The keynote by Kathleen R. McKeown was also amazing. She presented a high level overview of the work in NLP developed in their group concerning summarization of news, journal articles, blog posts, and even novels! (which IMO has a lot of merit without going into the detail). She presented co-reference detection of events, temporal summarization, sub-event identification and analysis of conversations in literature, depending on the type of text being addressed. Semantics can make a difference!
New workflow systems: I think I haven’t seen an eScience conference without new workflow systems being presented 😀 In this case the focus was more on the efficient execution and distribution of the resources. Dispel4py and Tigres workflow systems were introduced for scientists working in Python.
Cross domain workflows and scientific gateways:
Antonella Galizia presented the DRIHM infrastructure to set up Hydro-Meteorological experiments in minutes. Impressive, as they had to integrate models for meteorology, hydrology, pluviology and hydraulic systems, while reusing existent OGC standards and developing a gateway for citizen scientists. A powerful approach, as they were able to do flooding predictions on in certain parts of Italy. According to Antonella, one of the biggest challenges on achieving their results was to create a common vocabulary which could be understood by all the scientists involved. Once again we come back to semantics…
Rosa Filgueira presented another gateway, but for vulcanologists and rock physicists. Scientists often have problems to share data among different disciplines, even if they belong to the same domain (geology in this case). This is because every lab often records their data in a different way.
Finally, Silvia Olabarriaga gave an interesting talk about workflow management in astrophysics, heliophysics and biomedicine, distinguishing the conceptual level (user in the science gateway), abstract level (scientific workflow) and concrete level (how the workflow is finally executed on an infrastructure), and how to capture provenance at these different granularities.
Other more specific work that I liked:
- A tool for understanding the copyright in science, presented by Richard Hoskings. A plethora of different licenses coexist in the Linked Open Data, and it is often difficult to understand how one can use the different resources exposed in the Web. This tool helps on guiding the user about the possible consequences of using a given resource or another in their applications. Very useful to detect any incompatibility on your application!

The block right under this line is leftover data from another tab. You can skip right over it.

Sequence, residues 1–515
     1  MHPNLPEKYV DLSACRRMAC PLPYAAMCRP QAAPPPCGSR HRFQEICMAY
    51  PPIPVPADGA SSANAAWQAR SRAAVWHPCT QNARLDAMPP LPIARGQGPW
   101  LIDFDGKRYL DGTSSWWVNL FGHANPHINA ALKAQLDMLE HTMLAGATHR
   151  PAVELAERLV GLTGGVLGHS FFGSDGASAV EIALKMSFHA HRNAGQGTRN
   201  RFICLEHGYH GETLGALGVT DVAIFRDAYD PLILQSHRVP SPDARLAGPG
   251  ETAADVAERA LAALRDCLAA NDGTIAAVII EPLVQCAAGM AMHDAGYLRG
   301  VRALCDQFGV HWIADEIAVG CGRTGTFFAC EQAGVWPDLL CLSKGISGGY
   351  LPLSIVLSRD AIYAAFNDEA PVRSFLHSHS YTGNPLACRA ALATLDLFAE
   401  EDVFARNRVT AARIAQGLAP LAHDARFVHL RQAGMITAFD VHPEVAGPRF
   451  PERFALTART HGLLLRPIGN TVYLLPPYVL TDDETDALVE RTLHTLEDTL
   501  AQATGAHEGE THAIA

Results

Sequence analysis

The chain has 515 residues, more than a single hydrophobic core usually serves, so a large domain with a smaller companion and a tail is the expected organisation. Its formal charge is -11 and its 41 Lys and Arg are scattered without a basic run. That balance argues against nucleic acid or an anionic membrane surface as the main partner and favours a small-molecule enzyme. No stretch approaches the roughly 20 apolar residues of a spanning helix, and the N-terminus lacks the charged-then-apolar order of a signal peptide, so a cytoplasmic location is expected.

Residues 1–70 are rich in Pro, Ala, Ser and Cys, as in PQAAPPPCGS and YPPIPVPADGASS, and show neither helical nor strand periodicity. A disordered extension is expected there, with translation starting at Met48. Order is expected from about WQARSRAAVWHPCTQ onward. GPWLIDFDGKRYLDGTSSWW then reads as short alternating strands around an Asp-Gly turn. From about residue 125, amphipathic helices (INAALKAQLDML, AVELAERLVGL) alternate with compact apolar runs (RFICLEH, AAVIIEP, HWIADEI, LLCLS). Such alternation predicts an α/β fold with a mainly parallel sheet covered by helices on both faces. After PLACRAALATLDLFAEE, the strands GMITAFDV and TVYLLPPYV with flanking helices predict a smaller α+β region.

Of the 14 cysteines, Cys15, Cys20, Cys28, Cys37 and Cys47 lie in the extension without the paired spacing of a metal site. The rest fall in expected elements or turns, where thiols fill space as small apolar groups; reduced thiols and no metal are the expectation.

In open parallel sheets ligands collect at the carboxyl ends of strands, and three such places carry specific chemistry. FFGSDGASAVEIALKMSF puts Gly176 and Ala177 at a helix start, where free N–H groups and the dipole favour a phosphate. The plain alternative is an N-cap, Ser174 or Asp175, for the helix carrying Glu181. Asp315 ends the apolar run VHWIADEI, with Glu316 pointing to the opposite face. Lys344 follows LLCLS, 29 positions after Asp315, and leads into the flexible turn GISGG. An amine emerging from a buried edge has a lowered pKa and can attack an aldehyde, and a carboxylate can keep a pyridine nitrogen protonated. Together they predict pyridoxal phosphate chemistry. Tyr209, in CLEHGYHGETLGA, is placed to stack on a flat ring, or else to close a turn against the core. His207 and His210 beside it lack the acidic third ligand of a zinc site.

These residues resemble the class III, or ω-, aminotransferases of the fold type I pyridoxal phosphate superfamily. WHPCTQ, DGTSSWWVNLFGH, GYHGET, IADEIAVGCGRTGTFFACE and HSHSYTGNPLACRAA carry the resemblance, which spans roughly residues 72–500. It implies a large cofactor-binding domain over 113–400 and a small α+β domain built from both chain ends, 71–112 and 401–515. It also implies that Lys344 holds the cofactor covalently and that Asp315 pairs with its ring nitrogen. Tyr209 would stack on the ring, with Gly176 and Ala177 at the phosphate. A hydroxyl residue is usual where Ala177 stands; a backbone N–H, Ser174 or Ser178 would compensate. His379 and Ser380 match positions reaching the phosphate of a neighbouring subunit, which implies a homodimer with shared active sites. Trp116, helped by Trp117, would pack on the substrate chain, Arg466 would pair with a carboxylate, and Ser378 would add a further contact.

- An interesting workflow similarity approach by Johannes Starlinger, which improves the current state of the art by making efficient matching on workflows. Johannes said they would release a new search engine soon, so I look forward to analyzing their results. They have published a corpus of similar workflows here.
- Context of scientific experiments: Rudolf Mayer presented the work made on the Timbus project to capture the context of scientific workflows. This includes their dependencies, methods and data under a very fine granularity. Definitely related to Research Objects!
- An agile annotation of scientific texts to identify and link biomedical entities by Marcus Silva, with the particularity of being capable of loading very large ontologies to do the matching.
- Workflow ecosystems in Pegasus: Ewa Deelman presented a set of combinable tools for Pegasus able to archive, distribute simulate and re-compute efficiently workflows. All tested with a huge workflow in astronomy.
- Provenance is still playing an important role in the conference, with a whole session for related papers. PROV is being reused and extended in different domains, but I still have to see an interoperable use across different domains to show its full potential.
In summary, I think the conference has been a very positive experience and definitely worth the trip. It is very encouraging to see that collaborations among different communities are really happening thanks to the infrastructure being developed on eScience, although there are still many challenges to address. I think we will see more and more cross domain workflows and workflow ecosystems in the next years, and I hope to be able to contribute with my research.
I also got plenty of new references to add to the state of the art of my thesis, so I think that I also did a good job by talking to people and letting others know of my work. Unfortunately my return flight was delayed and I missed my connection back to Spain, converting my 14 hour flight home to almost 48 hours. Certainly the longest journey from any conference I have assisted to.